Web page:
10. A composition as set forth in claim 9 wherein said lightweight aggregate is present in an amount of 370-390 parts by weight.
11. A composition as set forth in claim 9 wherein said lightweight aggregate is present in an amount of 380 parts by weight.
12. A composition as set forth in claim 1 wherein said water is present in an amount of 65 parts by weight.
13. A composition useful for fabricating lightweight concrete roof tiles consisting essentially of:
(a) 55 parts by weight of a butyl acrylate, methacrylate and methylacrylic acid polymer latex emulsion; wherein said polymer latex emulsion consists essentially of 45-47% of solid polymer by weight;
(b) 20 parts by weight of a Type I Portland cement;
(c) 380 parts by weight of an expanded shale lightweight aggregate; and
(d) 65 parts by weight of water.
Description
BACKGROUND OF THE INVENTION

1. Technical Field

This invention relates to compositions and methods useful for production of lightweight concrete roof tiles and more particularly, concerns the use of latex in admixture capable to produce such roof tiles. The lightweight concrete roof tiles thus produced, meet the Uniform Building Code Standard (UBCS) No. 32-12 for lightweight concrete roof tiles and is useful as a replacement for wood shingles and shakes, asphalt shingles, asbestos cement roofing, slates, etc.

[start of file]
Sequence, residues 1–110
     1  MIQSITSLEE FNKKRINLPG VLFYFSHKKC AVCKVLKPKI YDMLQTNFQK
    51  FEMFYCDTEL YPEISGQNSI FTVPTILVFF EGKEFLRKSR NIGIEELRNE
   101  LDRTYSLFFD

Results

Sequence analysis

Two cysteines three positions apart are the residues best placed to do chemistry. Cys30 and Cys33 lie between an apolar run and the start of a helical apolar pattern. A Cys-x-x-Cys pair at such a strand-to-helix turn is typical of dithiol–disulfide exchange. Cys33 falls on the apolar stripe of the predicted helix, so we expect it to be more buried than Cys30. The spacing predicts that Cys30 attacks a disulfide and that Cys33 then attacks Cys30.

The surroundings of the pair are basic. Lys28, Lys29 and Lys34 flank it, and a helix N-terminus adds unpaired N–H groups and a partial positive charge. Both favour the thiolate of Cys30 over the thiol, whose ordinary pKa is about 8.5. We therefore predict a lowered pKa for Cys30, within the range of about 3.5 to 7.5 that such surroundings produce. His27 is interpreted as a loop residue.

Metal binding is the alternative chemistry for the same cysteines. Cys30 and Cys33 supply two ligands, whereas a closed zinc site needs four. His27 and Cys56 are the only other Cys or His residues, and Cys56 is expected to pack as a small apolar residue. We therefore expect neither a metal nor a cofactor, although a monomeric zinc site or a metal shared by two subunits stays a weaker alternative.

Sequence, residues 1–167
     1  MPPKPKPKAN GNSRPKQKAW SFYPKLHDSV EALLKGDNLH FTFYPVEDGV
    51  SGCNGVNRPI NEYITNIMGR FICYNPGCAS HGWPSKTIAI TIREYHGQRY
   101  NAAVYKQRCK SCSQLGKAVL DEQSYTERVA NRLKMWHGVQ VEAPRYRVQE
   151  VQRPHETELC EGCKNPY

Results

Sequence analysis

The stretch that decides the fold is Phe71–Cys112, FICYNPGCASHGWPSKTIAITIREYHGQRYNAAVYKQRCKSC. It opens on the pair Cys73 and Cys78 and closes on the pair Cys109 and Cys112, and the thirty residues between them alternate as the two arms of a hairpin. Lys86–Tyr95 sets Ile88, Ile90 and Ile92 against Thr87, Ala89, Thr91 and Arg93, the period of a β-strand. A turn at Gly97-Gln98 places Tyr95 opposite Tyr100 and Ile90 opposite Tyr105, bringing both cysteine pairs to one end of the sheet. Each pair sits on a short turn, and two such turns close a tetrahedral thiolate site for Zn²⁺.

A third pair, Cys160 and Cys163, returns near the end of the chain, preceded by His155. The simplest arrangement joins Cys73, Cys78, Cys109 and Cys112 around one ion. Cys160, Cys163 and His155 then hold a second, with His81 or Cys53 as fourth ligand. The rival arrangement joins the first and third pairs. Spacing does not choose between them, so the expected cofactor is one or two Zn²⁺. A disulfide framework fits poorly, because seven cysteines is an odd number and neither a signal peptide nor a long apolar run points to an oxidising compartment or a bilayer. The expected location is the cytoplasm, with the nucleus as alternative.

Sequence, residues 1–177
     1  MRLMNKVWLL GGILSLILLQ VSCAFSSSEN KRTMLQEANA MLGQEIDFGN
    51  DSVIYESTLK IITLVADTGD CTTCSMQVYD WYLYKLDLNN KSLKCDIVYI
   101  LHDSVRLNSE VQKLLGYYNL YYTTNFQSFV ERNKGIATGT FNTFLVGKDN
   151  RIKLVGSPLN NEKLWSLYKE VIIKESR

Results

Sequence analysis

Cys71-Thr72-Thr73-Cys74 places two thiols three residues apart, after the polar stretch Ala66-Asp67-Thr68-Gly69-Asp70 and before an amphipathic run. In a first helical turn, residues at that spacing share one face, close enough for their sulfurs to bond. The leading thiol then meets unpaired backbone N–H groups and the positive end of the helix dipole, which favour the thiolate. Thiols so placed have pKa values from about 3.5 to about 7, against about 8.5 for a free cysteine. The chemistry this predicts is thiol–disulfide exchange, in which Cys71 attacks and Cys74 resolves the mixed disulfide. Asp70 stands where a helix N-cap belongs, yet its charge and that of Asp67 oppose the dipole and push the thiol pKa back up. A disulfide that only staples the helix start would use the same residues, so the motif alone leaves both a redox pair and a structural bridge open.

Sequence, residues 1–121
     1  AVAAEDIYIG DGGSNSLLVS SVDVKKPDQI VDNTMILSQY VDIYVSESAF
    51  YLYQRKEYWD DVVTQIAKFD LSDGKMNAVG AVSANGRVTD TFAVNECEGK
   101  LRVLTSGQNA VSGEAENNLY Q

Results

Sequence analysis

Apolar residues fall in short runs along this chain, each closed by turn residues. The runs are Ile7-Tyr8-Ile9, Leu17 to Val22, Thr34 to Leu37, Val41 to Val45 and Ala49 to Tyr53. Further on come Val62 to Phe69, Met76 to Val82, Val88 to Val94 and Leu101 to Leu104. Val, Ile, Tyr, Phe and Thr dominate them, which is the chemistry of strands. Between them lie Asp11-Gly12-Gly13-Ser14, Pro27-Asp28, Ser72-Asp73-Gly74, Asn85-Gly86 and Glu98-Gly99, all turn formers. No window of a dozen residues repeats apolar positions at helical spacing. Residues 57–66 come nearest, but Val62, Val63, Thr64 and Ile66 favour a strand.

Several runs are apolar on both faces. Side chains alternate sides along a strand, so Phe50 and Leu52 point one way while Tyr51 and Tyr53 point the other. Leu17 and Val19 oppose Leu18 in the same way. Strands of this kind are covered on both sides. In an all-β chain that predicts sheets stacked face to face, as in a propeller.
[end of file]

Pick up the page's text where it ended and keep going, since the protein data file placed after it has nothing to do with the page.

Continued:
As used herein, the term "lightweight concrete roof tile(s)" means a concrete roof tile with a specific gravity of about 1.06 to 1.38. Thus, for a lightweight concrete roof tile of conventional dimensions with a volume of about 2.163 liters, it will weigh about 2.727 kg.

As used herein, the term "strength test" means the strength test conducted according to UBCS No. 32-12, §32.1206 test procedure. First, a total of ten representative samples are selected from the lightweight concrete roof tiles production. The samples are then conditioned at a temperature of 73°±5° F. and 50% relative humidity for a period of twenty-eight days. At the end of the conditioning period, the weight for each specimen is recorded.

Five samples conditioned as above are subjected to the strength test.

The sample is tested as shown in FIG. 1 with the load applied at a uniform rate not exceeding ten pounds per second until failure. The breaking load is recorded to the nearest pound. The test is repeated three times and the average breaking load is determined.

For the tiles of the present invention, the average breaking load shall not be less than 300 pounds for five consecutive test samples or 250 pounds for any individual sample for the tiles to have passed the strength test.